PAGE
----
Definition of preemptive in English:

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Pronunciation: /prēˈemptiv/


1Serving or intended to preempt or forestall something, especially to prevent attack by disabling the enemy: preemptive action a preemptive strike
More example sentences
  • They essentially amounted to a crude pre-emptive strike designed to forestall any leadership challenge and the natural targets were those with whom he has crossed swords in the past.
  • His speech was a pre-emptive strike designed to prevent opponents from exploiting the war issue.
  • ‘We see it as a non-violent, pre-emptive strike to protect the constitution,’ he said when we spoke last week.
1.1Relating to the purchase of goods or shares by one person or party before the opportunity is offered to others: preemptive rights
More example sentences
  • If the senior executive wishes to leave the organisation in the future, it is usual for the remaining shareholders to have a pre-emptive right to reacquire the shares of the outgoing executive.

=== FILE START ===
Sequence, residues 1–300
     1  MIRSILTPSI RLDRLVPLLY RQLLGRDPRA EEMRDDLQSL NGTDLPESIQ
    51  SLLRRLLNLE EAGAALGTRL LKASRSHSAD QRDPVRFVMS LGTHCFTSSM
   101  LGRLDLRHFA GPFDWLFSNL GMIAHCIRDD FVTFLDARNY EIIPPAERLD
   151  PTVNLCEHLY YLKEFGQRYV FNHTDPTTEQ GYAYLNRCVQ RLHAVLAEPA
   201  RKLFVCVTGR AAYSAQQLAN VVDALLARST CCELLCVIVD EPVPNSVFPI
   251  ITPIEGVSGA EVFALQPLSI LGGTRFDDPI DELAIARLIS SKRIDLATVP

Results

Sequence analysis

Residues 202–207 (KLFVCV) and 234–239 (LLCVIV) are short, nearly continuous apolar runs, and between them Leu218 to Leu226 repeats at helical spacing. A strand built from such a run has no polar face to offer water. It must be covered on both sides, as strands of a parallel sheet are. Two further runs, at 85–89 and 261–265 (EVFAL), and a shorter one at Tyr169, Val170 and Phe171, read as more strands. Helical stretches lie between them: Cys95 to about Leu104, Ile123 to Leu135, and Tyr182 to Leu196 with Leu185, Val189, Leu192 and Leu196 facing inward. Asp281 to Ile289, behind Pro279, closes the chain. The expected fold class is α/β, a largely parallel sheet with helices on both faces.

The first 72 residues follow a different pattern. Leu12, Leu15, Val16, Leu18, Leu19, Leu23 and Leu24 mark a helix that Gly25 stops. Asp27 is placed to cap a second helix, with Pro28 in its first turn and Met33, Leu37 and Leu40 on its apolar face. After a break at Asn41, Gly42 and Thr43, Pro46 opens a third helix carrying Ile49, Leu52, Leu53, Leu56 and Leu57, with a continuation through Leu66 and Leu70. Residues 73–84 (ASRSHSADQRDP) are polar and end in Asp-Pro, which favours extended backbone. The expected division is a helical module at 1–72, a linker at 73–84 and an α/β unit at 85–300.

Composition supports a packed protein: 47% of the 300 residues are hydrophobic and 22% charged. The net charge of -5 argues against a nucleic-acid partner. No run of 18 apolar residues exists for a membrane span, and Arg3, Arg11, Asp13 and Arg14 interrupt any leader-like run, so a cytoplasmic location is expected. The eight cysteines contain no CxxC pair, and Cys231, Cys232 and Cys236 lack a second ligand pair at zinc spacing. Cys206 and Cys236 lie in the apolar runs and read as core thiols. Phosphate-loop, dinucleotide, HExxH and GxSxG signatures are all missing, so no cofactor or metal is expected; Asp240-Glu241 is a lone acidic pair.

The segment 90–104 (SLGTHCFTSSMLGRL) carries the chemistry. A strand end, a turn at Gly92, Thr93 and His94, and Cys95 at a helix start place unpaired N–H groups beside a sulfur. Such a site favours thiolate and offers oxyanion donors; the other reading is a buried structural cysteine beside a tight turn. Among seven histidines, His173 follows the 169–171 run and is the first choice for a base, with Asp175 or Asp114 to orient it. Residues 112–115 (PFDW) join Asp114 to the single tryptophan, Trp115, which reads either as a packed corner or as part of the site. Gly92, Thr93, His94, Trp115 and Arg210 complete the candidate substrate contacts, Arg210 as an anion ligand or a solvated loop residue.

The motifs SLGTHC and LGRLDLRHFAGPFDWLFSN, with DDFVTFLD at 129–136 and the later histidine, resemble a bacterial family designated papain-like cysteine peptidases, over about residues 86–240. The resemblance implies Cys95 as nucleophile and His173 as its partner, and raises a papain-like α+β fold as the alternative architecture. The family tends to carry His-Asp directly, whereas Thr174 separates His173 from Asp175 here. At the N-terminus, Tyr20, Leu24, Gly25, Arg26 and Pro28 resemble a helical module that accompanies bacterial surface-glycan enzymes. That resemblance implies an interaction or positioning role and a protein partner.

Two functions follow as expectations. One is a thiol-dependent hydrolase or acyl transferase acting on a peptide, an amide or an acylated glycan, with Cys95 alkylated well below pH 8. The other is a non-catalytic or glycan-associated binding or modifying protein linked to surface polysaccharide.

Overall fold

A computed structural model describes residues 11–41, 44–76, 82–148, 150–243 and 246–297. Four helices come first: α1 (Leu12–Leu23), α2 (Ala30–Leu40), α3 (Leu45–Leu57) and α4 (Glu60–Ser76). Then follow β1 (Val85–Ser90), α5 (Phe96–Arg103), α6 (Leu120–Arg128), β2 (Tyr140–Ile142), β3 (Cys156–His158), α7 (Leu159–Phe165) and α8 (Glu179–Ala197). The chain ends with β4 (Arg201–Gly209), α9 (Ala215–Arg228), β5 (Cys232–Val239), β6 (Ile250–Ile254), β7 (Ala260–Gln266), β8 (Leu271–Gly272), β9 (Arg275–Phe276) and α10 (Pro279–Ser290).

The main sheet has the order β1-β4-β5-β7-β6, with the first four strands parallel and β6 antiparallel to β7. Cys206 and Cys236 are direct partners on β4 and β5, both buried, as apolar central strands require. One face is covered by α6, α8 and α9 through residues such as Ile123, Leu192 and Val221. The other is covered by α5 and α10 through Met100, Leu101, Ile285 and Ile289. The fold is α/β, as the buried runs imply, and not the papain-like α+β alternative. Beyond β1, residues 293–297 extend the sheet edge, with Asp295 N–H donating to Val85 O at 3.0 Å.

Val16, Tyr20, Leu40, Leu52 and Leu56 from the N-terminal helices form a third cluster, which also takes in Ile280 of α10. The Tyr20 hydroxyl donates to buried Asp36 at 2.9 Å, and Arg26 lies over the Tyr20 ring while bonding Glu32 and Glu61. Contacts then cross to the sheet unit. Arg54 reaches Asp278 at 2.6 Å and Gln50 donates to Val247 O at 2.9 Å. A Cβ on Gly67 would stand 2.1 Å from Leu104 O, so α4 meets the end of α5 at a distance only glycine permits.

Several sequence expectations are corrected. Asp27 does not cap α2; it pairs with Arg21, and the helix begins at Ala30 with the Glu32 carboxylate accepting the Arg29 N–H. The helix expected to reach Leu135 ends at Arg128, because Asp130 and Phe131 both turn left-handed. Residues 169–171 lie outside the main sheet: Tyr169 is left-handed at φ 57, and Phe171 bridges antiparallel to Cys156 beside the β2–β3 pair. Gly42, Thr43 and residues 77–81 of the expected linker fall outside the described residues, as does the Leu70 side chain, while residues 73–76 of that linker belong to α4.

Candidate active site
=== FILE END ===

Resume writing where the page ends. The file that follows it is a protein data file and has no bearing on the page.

• Nonetheless, revenues from pre-emptive purchases of Maori land were the mainstay of the Crown government's budget.
  • The Council has a pre-emptive right to purchase the building back at its sale price and value of improvements, should the Legislature wish to sell.
1.2 Bridge Denoting a bid, typically an opening bid, intended to be so high that it prevents or interferes with effective bidding by the opponents.



Example sentences
  • Bet the dude is working on a list of countries to pre-emptively attack.
  • Well, for example: the Methodist bishops have given a kind of statement against going to war pre-emptively.
  • Thus, he urges, he may not be preemptively confined.

For editors and proofreaders

Syllabification: pre·emp·tive

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